“What does hope look like in Southwest Louisiana?”
The Rev. Dr. John Robert Black opened his Sunday message with that question, and he explained that life will get better in this area following dual disasters — the coronavirus pandemic and Hurricane Laura that left unbelievable damage in its wake.
Black is senior pastor of St. Luke-Simpson United Methodist Church in Lake Charles. He said it is understandable that residents of Southwest Louisiana are frustrated, angry, confused, feeling helpless, disappointed and challenged.
“We are living like no one else,” he said. “We feel like we live in a different country.” He added that lives are completely normal in surrounding areas that are just one hour and 15 minutes away.
The main scripture for Black’s message was Jeremiah, Chapter 29, and verses 10-11. The words of the prophet came after the kingdom of Judah was conquered, Jerusalem was destroyed, and the Israelites were held captive by Babylon.
Jeremiah said, “This is what the Lord says: ‘When 70 years are completed for Babylon, I will come to you and fulfill my good promise to bring you back to this place. For I know the plans I have for you,” declares the Lord, ‘plans to prosper you and not to harm you, plans to give you hope and a future.’”
Meanwhile, Jeremiah advised them not to expect to return immediately to their homeland, as false prophets had told them, but to settle peaceably in their place of exile and seek the welfare of their captors.
The message was that life, as the people had known it, wasn’t coming back anytime soon. Rev. Black didn’t say we would be in our current state of affairs for 70 years, but said, “God will deliver us — not tomorrow, not next week, but we will not stay in exile forever.”
“It will come one day down the road,” he said, and it’s OK to feel angry. Jesus did.” It will be a time whenever we will be like everybody else, he said.
Many of the citizens in this area are facing problems they have never seen before. Few escaped the ravages of Hurricane Laura. Businesses haven’t been spared either, and that is long-term damage. Some places of business simply won’t or can’t return.
One-third of my roof was ripped off by the hurricane’s strong winds, but even that is minor compared to what some of my neighbors are facing. The same winds tore down over half of the back of the home of Etienne and Betsy Stoupy and their two young daughters. The future of my gracious neighbors is uncertain at the moment.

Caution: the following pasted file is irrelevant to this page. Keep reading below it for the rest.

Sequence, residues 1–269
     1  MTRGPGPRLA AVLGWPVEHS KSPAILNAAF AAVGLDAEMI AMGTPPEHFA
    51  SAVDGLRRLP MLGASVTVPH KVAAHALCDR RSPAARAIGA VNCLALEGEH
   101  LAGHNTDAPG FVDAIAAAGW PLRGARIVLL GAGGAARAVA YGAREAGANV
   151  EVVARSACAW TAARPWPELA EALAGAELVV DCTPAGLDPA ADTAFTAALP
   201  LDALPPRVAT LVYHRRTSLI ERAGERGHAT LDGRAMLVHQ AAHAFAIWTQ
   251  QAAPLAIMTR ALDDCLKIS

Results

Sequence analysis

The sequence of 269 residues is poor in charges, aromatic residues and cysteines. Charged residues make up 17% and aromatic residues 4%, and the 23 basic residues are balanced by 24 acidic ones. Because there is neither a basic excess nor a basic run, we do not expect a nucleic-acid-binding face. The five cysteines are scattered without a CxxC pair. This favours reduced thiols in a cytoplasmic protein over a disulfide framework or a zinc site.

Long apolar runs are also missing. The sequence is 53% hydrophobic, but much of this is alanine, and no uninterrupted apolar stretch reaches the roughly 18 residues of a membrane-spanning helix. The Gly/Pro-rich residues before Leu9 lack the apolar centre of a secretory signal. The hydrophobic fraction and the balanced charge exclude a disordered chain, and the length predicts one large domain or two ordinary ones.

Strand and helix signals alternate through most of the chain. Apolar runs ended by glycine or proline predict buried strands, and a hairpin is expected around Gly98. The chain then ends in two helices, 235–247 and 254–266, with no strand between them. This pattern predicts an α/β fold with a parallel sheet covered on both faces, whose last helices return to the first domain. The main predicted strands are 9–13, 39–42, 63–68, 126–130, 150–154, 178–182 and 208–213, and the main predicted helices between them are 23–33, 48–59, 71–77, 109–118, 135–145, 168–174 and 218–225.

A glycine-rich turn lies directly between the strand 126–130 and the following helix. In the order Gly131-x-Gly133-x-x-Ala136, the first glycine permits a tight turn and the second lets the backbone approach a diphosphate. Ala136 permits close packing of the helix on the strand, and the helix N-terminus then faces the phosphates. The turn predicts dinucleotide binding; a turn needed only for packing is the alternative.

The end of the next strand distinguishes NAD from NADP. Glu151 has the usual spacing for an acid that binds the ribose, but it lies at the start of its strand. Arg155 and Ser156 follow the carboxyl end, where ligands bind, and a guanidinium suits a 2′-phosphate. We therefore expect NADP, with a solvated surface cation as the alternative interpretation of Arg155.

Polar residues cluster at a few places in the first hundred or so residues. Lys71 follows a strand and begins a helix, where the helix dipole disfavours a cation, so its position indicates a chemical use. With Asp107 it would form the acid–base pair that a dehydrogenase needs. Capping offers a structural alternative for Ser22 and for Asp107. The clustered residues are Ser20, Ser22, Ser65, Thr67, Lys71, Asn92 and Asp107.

I did what my insurance agent said and called a number of contractors right after the storm. I left my name and number, but there were no immediate responses. I knew they already had their hands full.
I had no idea of what to do next. How could I after making a living sitting at a typewriter and computer for almost 60 years? Thank God for Dr. Joe Fierro, my son-in-law who “took the bull by the horns.”
Joe had already made contact with Striker Roofing and Construction Co. of Dallas and Houston to handle the damage caused on Joe’s home by a falling tree. It wasn’t long before he lined up Striker to repair my roof damage and install a new roof. I am happy to say the job was completed Tuesday.
Yes, there is still more to do, but things are definitely looking up. That is the hope Dr. Black was talking about in his Sunday message. I told him after church about one of those big trucks hauling off most of the major construction materials and other debris in front of my home and what a hopeful sign that was.
I can’t say enough about my family and friends who have made this transition so smooth from the beginning. For some reason, I never lost that hope that Black said is our salvation.
“Hope is people who still worship,” he said. “If you are worshiping, God is pleased. Give God your praise, worship and heart.”
Black talked about the tremendous job churches and church-related organizations have been doing to speed up our recovery, and he added that schools are up next.
Stress increases addictions, he said, and advised us to get some rest and exercise and how important it is to find joy, even in the face of adversity.
While listening to that Sunday message, I kept thinking about that great old church song, “My Hope Is Built on Nothing Less, Than Jesus Christ, My Righteousness.”
“What does hope look like?” Rev. Black asked. “Faith that God will ultimately deliver us from our troubles. Hope is the belief we will be free from anxiety,” he said.
Keeping the faith has gotten me through many troubling times in my life, and I have no hesitation in recommending it to others.